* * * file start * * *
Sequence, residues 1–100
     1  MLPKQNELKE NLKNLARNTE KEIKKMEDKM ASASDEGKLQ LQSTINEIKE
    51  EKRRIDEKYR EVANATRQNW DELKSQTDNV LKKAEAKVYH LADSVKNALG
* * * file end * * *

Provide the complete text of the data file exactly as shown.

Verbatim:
Sequence, residues 1–100
     1  MLPKQNELKE NLKNLARNTE KEIKKMEDKM ASASDEGKLQ LQSTINEIKE
    51  EKRRIDEKYR EVANATRQNW DELKSQTDNV LKKAEAKVYH LADSVKNALG